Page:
7. Remove the hot Dutch oven from your oven and take the lid off. Carefully pick up the dough using the corners of the parchment paper. Lower the dough into the Dutch oven and replace the lid. Place the Dutch oven back into the oven and bake covered for 25 minutes.
  8. After 25 minutes remove the lid and continue baking for 15 more minutes. This bread should bake for 40 minutes total.
  9. Remove the bread from the Dutch oven and parchment paper. Place the boule on a cooling rack and let it cool completely before slicing.

A collage of loaves of honey oat sourdough bread with text overlay.

Shasta

Monday 7th of August 2023

I'm new to sourdough. I don't have a Dutch oven at home, it's on our trailer. (my husband cooks in it when we go glamping) What would be a good all around size for a Dutch oven for bread? (I've been baking yeast breads for years)

Butter For All

Saturday 12th of August 2023

Hi Shasta!

I really like the 5qt from lodge. It's a good size for bread and it isn't too heavy.

Marisa

Sunday 18th of June 2023

Made this for the first time over the weekend and it is absolutely amazing! The whole wheat taste with the sourdough tang along with a touch of sweet is hard to beat. My timing was way off mainly because I'm used to proofing during the day and then doing an overnight cold proof in the refrigerator when I make Tartine's Country Loaf. Levain was at peak at 11 am, so I forged ahead. This is a wet dough, but I was very surprised at how much the oats eventually absorb. Did 3 stretch and folds 30 minutes apart and then 3 coil folds, again, 30 minutes apart. I let the dough proof for another 5-6 hours (doubled), shaped, then put the shaped dough in the refrigerator overnight.

Final result looked pretty much like your picture - not super tall with a slightly tighter crumb. We also couldn't wait until it fully cooled and had it with a pat of Kerry Gold butter. So delicious!

I've been trying to find a whole wheat sourdough that I like, and I think this recipe is it. I'm a sucker for all things oat, so that is a bonus. Thanks for sharing this fantastic recipe!

Butter For All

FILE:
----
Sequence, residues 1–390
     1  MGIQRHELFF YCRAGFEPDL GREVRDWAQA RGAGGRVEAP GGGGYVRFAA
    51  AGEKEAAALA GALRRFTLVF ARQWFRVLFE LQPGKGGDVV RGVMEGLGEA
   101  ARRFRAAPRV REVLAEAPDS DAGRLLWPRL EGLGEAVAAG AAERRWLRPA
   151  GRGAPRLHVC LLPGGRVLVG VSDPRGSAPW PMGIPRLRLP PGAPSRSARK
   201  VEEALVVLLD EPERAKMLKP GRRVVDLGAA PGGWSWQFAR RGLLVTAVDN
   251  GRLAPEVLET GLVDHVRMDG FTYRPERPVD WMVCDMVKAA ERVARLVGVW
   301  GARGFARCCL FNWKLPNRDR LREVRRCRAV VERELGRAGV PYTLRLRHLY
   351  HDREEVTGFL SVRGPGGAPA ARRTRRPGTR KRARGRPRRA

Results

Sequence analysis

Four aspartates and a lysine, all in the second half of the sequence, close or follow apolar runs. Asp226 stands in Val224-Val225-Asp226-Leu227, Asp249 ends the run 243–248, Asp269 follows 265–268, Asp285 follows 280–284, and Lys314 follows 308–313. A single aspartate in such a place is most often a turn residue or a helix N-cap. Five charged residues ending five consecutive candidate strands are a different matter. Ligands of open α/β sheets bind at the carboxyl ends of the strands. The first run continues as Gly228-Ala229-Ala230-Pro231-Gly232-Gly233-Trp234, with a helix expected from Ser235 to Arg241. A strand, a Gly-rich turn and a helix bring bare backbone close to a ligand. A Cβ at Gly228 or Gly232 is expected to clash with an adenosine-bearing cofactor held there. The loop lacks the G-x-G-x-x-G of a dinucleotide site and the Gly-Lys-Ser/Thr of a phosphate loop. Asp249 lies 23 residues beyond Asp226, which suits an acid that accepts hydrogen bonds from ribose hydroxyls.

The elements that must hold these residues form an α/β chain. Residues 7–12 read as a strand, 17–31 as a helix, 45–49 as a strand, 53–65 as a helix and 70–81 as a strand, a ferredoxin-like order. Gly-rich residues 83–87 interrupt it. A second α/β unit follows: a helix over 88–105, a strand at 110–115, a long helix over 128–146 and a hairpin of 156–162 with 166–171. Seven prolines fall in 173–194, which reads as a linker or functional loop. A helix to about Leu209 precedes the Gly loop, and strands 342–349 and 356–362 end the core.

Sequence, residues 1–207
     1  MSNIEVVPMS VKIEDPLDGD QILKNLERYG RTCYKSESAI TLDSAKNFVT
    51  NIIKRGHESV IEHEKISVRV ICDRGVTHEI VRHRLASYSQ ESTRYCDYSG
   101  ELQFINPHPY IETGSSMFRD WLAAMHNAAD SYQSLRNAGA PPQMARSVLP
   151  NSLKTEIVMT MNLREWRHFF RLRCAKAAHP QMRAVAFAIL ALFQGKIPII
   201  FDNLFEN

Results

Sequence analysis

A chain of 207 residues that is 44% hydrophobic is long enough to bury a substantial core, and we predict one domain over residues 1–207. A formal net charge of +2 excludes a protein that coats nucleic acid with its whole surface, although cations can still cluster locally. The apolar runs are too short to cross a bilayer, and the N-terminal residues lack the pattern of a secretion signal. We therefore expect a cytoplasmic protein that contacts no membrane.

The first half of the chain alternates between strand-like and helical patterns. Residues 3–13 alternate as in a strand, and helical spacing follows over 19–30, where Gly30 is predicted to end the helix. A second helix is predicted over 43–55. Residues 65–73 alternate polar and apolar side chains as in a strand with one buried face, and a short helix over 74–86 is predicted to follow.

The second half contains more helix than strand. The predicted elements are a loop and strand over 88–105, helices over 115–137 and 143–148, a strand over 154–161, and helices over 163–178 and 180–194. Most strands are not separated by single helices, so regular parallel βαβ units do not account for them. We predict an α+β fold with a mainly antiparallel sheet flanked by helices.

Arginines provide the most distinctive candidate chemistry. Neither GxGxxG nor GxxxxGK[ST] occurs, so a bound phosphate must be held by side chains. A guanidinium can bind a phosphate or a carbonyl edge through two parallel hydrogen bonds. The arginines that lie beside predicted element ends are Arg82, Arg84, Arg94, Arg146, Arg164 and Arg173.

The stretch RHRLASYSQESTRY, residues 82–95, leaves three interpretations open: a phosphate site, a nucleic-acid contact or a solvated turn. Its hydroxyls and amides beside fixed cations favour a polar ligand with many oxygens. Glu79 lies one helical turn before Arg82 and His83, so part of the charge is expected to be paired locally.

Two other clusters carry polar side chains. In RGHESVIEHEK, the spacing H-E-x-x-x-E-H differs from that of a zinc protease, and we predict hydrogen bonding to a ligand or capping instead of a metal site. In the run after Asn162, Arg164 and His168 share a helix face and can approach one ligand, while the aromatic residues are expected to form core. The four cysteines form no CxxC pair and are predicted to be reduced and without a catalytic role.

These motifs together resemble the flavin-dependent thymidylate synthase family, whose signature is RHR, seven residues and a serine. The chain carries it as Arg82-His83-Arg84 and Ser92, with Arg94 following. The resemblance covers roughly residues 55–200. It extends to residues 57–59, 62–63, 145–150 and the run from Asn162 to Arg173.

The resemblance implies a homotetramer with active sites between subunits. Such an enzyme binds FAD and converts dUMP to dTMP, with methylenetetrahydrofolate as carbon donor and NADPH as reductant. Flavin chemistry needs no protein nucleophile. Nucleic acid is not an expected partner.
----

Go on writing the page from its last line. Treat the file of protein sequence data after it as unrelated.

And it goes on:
Saturday 1st of July 2023

Hi Marisa!

Thank you for the detailed note! I love that you went ahead and proofed the way you are used to. Good work being flexible and using your acquired sourdough skills! I love hearing how it all came together, it sounds like you nailed it! I'll be looking forward to more reviews, as will all the readers!

Happy baking,

Courtney

Carla

Tuesday 25th of April 2023

I tried making this loaf but it was over proofed in the morning. I left it in the oven with the light on. Would it be better just sitting on the counter? It sounds like a delicious recipe but I'm not sure why it was a sticky blob for me.

Butter For All

Tuesday 25th of April 2023

Hi Clara,

Ah, yes, there is a good chance it over proofed in the warm oven. If you are planning a long ferment, it should be fairly cool. Of course it will vary for everyone because of the different starters, but if your starter is doubling in 6-8 hours there is no need for extra warmth. If it's faster, you might even need to cool your dough down a bit. This can be done in a cooler with a few blue ice just to keep the temp lower than room temp. Or, if it's working really fast you can proof during the day, shape, and refrigerate overnight so you still get the benefit of a long fermentation. In this case you would bake the fully proofed loaf cold from the fridge or if it needs to rise a bit more the next day, just let it come to room temp first. I hope this helps! And please try again with this recipe. It's so worth the extra effort!

Take care,

Courtney

Bread_Man

Friday 31st of March 2023

I'm definitely going to make this bread, and I will use a different method with the Dutch oven that works perfectly. America's Test Kitchen determined that there is no need to preheat your Dutch Oven when making bread like this. You simply put the risen and shaped dough in the cold Dutch Oven, and put it in a cold oven. Then set the oven to your desired baking temperature, and when the oven reaches the set temperature, start your timer. Follow the rest of the baking instructions as written. Try it and you will see there is absolutely no difference in the result.

Butter For All

Tuesday 25th of April 2023

Hey Bread Man!

I hope you loved this recipe! That's so interesting, I use my clay bakers that way, but usually I preheat the DO. I think I personally like the sizzle and burst of steam you can get when adding ice to a really hot DO! I'll have to mess around with your suggestion. Thanks for leaving a note. 😊

Courtney

Elizabeth

Saturday 18th of March 2023

I’d like to try baking in my Dutch oven but I don’t have parchment paper. Do you have a recommendation on how to do that? Thanks

Butter For All

Monday 27th of March 2023

Hi Elizabeth! A generous coating of oats on the outside of the loaf, and a layer of cornmeal on the bottom of the DO could work to keep the bread from sticking. But I wouldn't add any additional water to create steam inside the DO.

Hope that helps!